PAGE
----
Or put another way: Allowing individuals to leverage their personal equity early in their careers is key to getting us out from under the thumb of the baby boomers.”
Investing Directly in People Is the Future of VC. Here's How to Do It.
Earlier this year I wrote about the idea of investing directly in people versus companies-something my venture capital…
19. Idris Elba, one of coolest dudes around.
“It is hard to resist the notion that Elba’s recent brush with mortality might inspire a reframing of his life principles. He’s not so sure. “I’ve lived a proper full life,” he says. “That’s always been my mantra: ‘If I was to go tomorrow, at least I had a full life.’ And if I had succumbed to Covid, I could go with hand on heart saying, ‘Look, I had a good innings.’ But I don’t have the time to mess around. My ambition is bigger than my head, but I still think I’ve got stuff to offer the world. A contribution,” he mumbles, almost to himself as much as to me. “Still got a contribution.”
You Can't Break Idris Elba
The coolest man on the planet won't be shaken from his master plan. But after a bruising 18 months, the multitalented…
20. “The simple, empirical truth is this: Dwayne Johnson is the most successful movie star in the world, and has been for some time. For each of the last five years, he was, according to Forbes’s annual list, either the highest or second-highest paid actor. (In that period, he is estimated to have earned a total of $430.4 million.)
“It sits me down,” says Johnson, mulling this circumstance. “It sits me down. That was never the goal. The goal was just: I didn’t want to be broke. And I didn’t want my family to be broke anymore.” In person — for our first meeting we’re sitting in a Los Angeles hotel room, and he’s idly nursing a different glass of tequila — his affect is far more reflective and soft-spoken than it usually is in the movies that have made him all this money. “And it’s a blessing, man. Are you kidding me? It’s a blessing. It’s a blessing. It’s a blessing.
Johnson’s movie career has been only one aspect of what he does. Aside from various TV projects, his many other pursuits include his Project Rock Collection sportswear brand with Under Armour; his own sports drink, Zoa; co-owning the XFL football league; as well as the aforementioned tequila, Teremana. Johnson summarizes it like this: “I consider myself an industrialist and an entrepreneur and a businessman as well. And I’m in the relationship business. I’m in the customer service business. I’m in the consumer product business. And I’m certainly in the movie business.”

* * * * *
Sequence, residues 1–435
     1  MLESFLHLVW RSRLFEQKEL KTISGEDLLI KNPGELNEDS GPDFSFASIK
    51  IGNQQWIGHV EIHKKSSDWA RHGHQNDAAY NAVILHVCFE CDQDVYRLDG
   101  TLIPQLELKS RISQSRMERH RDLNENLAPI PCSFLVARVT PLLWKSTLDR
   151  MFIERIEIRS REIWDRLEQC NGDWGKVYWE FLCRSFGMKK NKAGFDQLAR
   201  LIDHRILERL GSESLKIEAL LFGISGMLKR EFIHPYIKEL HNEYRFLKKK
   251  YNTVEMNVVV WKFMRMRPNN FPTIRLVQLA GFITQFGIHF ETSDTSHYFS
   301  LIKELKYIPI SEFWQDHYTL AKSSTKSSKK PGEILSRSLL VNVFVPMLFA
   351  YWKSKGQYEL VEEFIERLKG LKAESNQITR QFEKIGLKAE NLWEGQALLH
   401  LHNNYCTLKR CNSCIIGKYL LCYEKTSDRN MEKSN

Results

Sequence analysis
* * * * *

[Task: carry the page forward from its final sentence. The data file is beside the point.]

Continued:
Johnson’s excitement when he talks about these other parts of his life seems entirely unforced. “I love building,” he says. “And I love creating products and brands that have a certain quality to them to deliver to people. But I think the stripped-away answer here is: I love it. I love what I do. Honestly, I love building from scratch with these two old dinosaur hands.”
Dwayne Johnson Lets Down His Guard
During one of our last conversations, Dwayne Johnson's five-year-old daughter, Jasmine, comes into his office to ask, a…
21. “What does this have to do with the scale of an entrepreneur’s success? Markets. Markets drive everything. No matter how talented the entrepreneur and team, without a great market, the level of success will be stunted. There’s an old saying in the startup world from Andy Rachleff, founder of Benchmark Capital, “When a great team meets a lousy market, markets win.” Ideally, an entrepreneur will pick a great market initially, or pivot into a great one fairly quickly, but without that, the chance of major success drops dramatically.”
Scale of success? Markets, Markets, Markets
Last week I was talking to an entrepreneur and the topic of scale in the context of success came up. Some entrepreneurs…
22. “In fact, I think there are multiple signs that Xi has actually weakened the capabilities of the Chinese juggernaut. So far, China’s power and general effectiveness are so great that these signs seem to have gone largely unnoticed, but I think they’re there. The three big ones are: Slowing growth, an international backlash against China, and missteps related to the Covid pandemic.
It’s time to consider the possibility that for all his self-aggrandizement, Xi Jinping is just not that competent of a leader.”
What if Xi Jinping just isn't that competent?
Xi Jinping is widely hailed as China's most powerful leader since Mao. He certainly has been highly effective at…
23. Lessons from Sequoia Capital.
24. One of my favorite cities in the world: Tokyo. Good article on what makes the place so special as a metropolis.